to the simple pleasure of
riding a bike.”
John F. Kennedy
Bicycles have been part of my life since my first tricycle I received on my third birthday. I was so proud of this shiny red tricycle, which came with its very own miniature stop sign. I remember riding my bike around the neighborhood all day until it was dark out and my mom would find me and bring me home.
I guess it was the freedom experienced when riding a bicycle which attracted me the most. As a toddler, you’re at the mercy and control of everyone. Riding my bike gave me the power and freedom to go anywhere my tiny feet and legs could take me.
My tricycle days were short lived when I discovered two wheelers. My much older sister and brother would fly by me on my short slow tricycle. So, within a year after receiving my beloved trike, I taught myself how to ride my sister’s two-wheeler. At four years old, not tall enough to reach the pedals while sitting on the bike seat, I learned to balance myself on the foot pedals. Stopping the bike was a challenge but I quickly had my technique down pat. My sister’s hand-me-down large red Schwinn bike was where my serious love of biking began.
When we relocated to California, my parents bought me my dream bike to ride to school. This green, Schwinn Sting Ray, My Fair Lady model was my first very own bike.
In my teens I discovered speed bikes. I read and researched about these modern fast lightweight bikes which fueled the astonishing “Bike Boom” of the 1970s. I saved up for one I had my eye on at Montgomery Ward. This Japanese $100, black slick 10-speed became my pride and joy. I learned to fine tune the gears and brakes. Daily after riding, I would spend a good hour cleaning and polishing my bike. I even had bought myself a small pack with tools that attached under the back of the seat.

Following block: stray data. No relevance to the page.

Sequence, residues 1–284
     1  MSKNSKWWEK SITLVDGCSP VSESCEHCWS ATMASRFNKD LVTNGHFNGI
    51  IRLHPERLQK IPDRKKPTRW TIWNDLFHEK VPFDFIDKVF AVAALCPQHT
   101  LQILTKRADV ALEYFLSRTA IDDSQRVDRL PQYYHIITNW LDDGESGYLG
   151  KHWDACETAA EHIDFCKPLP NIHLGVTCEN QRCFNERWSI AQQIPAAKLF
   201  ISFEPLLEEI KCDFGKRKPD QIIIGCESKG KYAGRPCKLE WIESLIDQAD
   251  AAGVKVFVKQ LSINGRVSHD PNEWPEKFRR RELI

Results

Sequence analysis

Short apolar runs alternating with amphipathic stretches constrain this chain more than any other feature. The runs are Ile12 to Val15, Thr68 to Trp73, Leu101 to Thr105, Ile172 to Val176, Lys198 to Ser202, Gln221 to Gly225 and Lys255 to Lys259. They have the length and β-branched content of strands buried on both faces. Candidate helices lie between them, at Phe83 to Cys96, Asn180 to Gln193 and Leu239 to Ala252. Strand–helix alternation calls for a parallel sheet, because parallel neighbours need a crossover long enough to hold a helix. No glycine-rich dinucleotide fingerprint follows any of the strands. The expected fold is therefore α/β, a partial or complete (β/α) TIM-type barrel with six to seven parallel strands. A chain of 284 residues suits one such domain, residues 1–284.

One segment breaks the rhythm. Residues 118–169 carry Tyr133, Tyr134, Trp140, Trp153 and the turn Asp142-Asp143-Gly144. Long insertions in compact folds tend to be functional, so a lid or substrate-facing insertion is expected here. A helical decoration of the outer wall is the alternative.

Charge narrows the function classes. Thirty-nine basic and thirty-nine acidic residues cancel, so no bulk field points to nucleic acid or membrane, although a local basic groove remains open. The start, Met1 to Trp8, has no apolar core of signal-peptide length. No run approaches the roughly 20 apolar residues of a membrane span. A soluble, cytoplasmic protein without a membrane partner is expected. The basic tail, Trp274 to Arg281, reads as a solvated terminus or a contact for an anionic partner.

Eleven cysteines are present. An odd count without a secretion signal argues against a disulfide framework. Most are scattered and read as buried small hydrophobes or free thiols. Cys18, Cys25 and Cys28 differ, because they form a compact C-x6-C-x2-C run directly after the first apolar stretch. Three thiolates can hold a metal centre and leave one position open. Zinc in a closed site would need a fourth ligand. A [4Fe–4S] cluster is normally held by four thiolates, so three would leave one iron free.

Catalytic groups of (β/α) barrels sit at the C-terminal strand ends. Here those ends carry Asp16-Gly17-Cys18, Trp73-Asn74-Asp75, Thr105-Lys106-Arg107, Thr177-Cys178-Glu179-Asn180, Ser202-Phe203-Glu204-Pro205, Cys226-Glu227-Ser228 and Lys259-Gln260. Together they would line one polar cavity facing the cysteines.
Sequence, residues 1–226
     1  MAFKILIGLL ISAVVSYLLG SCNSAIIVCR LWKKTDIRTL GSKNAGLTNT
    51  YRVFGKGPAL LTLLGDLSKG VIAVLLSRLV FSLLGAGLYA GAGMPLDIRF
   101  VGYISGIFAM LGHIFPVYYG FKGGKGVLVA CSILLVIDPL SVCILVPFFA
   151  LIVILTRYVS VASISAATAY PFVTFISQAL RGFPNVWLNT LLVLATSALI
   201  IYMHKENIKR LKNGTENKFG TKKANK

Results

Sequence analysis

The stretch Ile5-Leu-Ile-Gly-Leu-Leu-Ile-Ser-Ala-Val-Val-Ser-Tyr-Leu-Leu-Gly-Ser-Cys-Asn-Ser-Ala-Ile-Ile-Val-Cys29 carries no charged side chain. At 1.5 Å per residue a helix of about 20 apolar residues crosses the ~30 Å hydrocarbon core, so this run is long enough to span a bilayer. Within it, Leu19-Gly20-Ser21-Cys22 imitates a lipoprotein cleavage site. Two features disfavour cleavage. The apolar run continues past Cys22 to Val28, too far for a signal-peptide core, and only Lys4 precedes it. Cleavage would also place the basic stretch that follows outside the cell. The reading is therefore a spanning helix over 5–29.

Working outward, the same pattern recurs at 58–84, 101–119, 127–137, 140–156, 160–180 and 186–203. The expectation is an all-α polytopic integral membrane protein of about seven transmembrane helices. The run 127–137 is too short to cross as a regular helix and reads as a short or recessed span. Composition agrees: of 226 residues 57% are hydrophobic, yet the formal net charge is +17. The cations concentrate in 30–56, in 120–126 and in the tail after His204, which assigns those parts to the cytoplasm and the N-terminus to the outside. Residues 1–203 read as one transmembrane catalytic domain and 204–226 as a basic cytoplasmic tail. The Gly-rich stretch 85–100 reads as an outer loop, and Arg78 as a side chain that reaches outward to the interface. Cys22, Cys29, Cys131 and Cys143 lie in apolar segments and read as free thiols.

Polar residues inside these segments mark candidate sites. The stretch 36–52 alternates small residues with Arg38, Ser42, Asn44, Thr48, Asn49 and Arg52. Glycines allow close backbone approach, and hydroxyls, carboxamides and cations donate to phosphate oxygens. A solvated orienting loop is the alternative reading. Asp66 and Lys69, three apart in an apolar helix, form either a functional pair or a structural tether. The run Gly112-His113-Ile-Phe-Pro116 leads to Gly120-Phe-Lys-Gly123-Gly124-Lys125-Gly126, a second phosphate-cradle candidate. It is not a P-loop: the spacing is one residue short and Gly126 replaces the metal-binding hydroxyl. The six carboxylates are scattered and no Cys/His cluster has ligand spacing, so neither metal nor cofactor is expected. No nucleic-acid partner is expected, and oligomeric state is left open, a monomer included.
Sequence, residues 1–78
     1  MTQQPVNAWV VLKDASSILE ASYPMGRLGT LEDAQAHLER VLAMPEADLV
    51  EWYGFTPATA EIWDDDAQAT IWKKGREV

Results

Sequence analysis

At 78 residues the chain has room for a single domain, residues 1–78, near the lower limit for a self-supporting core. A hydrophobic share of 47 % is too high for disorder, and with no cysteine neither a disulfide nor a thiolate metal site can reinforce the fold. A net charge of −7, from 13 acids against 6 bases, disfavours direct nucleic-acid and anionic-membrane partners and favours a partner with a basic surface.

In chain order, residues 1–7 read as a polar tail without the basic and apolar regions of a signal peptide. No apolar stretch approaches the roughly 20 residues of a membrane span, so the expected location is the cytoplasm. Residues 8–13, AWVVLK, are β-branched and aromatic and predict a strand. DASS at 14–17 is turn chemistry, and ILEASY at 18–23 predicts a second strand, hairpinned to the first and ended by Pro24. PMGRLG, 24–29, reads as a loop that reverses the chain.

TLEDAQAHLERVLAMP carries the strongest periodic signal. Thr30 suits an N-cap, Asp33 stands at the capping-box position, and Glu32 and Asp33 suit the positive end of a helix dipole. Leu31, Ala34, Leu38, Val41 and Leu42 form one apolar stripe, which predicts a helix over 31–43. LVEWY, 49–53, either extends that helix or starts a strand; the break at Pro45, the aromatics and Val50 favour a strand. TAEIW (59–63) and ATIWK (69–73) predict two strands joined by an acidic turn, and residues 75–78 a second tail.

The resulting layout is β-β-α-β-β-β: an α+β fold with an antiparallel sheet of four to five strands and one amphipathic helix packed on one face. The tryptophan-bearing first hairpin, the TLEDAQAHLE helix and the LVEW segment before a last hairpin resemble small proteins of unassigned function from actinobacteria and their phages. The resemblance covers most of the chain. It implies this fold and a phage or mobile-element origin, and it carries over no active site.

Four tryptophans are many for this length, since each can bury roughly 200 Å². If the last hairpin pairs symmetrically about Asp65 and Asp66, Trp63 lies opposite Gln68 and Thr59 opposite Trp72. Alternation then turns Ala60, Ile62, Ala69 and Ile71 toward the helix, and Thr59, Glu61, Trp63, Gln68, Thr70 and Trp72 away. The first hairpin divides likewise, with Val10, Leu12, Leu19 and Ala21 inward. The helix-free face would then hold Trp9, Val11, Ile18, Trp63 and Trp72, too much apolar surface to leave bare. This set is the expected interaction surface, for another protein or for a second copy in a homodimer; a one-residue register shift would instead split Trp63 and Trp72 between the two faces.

One school morning I went to the garage to get my bike and it was gone. In tears and feeling like someone had kicked me in the gut, I called my mom at work. I was crying hysterically and she kept asking me who died? I was finally able to tell her my bike was gone. She told me to call my older brother, which I immediately did.
Within an hour, my brother showed up with my bike in tow. My brother had drove around the neighborhood and spotted the bike thief. He knew immediately it was my bike from the shiny spokes and tool pack under the seat. When he stopped the grubby looking kid on my bike and asked where he got the nice bike, the kid stammered and couldn’t answer. At that point, my brother jumped out of his car, grabbed the boy and told him to hand over the bike or he’d break every bone in his body. The kid dropped the bike and ran. My brother’s actions are not exactly something someone would do today, unless you want to get shot. But, I’m forever grateful to my heroic big brother for getting my bike back so quickly in one piece.
In the new millennium, I moved on from 10-speeds to mountain bikes. My current bike with pearlized white paint finish, is a Boss Two Infinity 7-speed and what they call a hybrid which is part speed bike part mountain bike. It’s extremely smooth riding and comfortable. Of course, I’ve tricked it out with my black sheep skin seat, handlebar pack, black sturdy rear rack, CatEye Padrone bike computer as well as front and rear lights.
I’ve had numerous 10-speeds and mountain bikes through the years but my first bike the Schwinn, My Fair Lady, Sting Ray was like a first love and nothing I ever rode or owned would ever match that feeling of true freedom on that first ride.